JS promise recursion

The other day I wanted to get some data from an API. The API is giving the information paginated, so I have to fetch it page by page.

I like to work with promises for things like this and I went on and googled “loop promise.” Found a few implementations, but I didn’t like them because they were a bit too technical and low level: the code didn’t communicate well the intent. So I set out to just write the code as close as possible to how I would express this logic to a human being.

With some irrelevant details omitted, here is what came out:

function downloadData(level, section, subsectionName) {
  var filePath = getFilePath(level, section, subsectionName);

  return collectAllRows().then(saveToFile(filePath));

  function collectAllRows() {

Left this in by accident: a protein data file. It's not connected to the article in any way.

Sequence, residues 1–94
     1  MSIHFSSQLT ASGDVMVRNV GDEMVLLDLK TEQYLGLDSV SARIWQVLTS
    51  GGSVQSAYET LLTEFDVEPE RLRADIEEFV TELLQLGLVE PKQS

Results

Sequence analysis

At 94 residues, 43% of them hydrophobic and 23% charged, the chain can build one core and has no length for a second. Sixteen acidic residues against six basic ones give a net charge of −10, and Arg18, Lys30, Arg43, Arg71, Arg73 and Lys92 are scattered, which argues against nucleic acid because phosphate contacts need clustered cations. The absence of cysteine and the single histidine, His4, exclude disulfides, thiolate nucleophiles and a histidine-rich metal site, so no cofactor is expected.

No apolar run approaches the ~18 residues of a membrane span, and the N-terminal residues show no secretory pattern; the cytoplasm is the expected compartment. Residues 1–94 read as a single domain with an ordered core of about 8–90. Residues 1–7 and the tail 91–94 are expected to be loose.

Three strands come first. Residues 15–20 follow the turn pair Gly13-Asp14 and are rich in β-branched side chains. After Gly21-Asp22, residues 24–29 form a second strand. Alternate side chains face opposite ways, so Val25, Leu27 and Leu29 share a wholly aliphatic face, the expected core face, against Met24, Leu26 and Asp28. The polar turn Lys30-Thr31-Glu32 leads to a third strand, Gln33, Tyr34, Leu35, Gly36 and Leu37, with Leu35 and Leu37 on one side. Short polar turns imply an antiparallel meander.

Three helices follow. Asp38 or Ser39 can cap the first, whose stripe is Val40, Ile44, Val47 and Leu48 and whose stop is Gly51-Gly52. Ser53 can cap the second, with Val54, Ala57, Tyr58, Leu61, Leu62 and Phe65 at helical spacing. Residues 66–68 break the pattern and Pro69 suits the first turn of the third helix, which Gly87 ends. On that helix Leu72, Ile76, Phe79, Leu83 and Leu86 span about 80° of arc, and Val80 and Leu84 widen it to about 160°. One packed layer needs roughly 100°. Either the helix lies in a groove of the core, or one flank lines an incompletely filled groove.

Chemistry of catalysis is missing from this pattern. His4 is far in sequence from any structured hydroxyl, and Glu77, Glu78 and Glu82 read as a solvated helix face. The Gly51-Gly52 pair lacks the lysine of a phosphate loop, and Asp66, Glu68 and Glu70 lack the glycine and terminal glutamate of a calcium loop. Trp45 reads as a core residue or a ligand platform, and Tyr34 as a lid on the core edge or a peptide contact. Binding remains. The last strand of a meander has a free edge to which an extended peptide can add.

var startPage = 1;
    var allRows = [];

    return requestNextPage(startPage, allRows);
  }

  function requestNextPage(pageNumber, allRows) {
    var apiRequestParams = section.getAPIRequestParamsForBulkDownload(subsectionName, pageNumber);

    return queryAPI(apiRequestParams)
    .then(collectRowsInto(allRows))
    .then(delay(DELAY_BETWEEN_REQUESTS))
    .then(requestNextPagesWhileThereIsPossiblyMoreData(pageNumber, allRows));
  }

  function requestNextPagesWhileThereIsPossiblyMoreData(pageNumber, allRows) {
    return function(numberOfRowsFetchedWithLastRequest) {
      var isTherePossiblyMoreData = numberOfRowsFetchedWithLastRequest === BulkDownloadOptions.PAGE_SIZE;

      if (isTherePossiblyMoreData) return requestNextPage(pageNumber + 1, allRows);
      else return Q.Promise.resolve(allRows);
    };
  }

  function collectRowsInto(array) {
    return function(result) {
      var rows = result.rows.map(function(row) { return row.cell; });
      array.push.apply(array, rows);
      return result.rows.length;
    };
  }

  function saveToFile(filePath) {
    return function(rows) {
      fs.writeFileSync(filePath, JSON.stringify(rows));
    };
  }
}

Some of the googled implementations would have probably got the job done too, but I think this has less technical abstraction baggage within it, and I like it when code is closer to the domain.